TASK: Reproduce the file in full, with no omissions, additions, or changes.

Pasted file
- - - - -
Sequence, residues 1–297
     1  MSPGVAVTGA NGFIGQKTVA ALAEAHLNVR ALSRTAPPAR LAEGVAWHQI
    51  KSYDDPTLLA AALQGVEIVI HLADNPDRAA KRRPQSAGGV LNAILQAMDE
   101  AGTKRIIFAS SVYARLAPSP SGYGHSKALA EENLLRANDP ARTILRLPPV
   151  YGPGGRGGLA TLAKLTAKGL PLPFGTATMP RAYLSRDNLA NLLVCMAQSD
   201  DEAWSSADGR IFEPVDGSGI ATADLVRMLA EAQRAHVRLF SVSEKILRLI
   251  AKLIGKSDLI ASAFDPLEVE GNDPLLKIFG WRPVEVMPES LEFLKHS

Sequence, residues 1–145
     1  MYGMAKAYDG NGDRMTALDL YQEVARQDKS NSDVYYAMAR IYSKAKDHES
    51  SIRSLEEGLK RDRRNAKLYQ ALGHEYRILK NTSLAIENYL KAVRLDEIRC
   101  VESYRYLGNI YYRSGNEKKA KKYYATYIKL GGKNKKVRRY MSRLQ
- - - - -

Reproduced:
Sequence, residues 1–297
     1  MSPGVAVTGA NGFIGQKTVA ALAEAHLNVR ALSRTAPPAR LAEGVAWHQI
    51  KSYDDPTLLA AALQGVEIVI HLADNPDRAA KRRPQSAGGV LNAILQAMDE
   101  AGTKRIIFAS SVYARLAPSP SGYGHSKALA EENLLRANDP ARTILRLPPV
   151  YGPGGRGGLA TLAKLTAKGL PLPFGTATMP RAYLSRDNLA NLLVCMAQSD
   201  DEAWSSADGR IFEPVDGSGI ATADLVRMLA EAQRAHVRLF SVSEKILRLI
   251  AKLIGKSDLI ASAFDPLEVE GNDPLLKIFG WRPVEVMPES LEFLKHS

Sequence, residues 1–145
     1  MYGMAKAYDG NGDRMTALDL YQEVARQDKS NSDVYYAMAR IYSKAKDHES
    51  SIRSLEEGLK RDRRNAKLYQ ALGHEYRILK NTSLAIENYL KAVRLDEIRC
   101  VESYRYLGNI YYRSGNEKKA KKYYATYIKL GGKNKKVRRY MSRLQ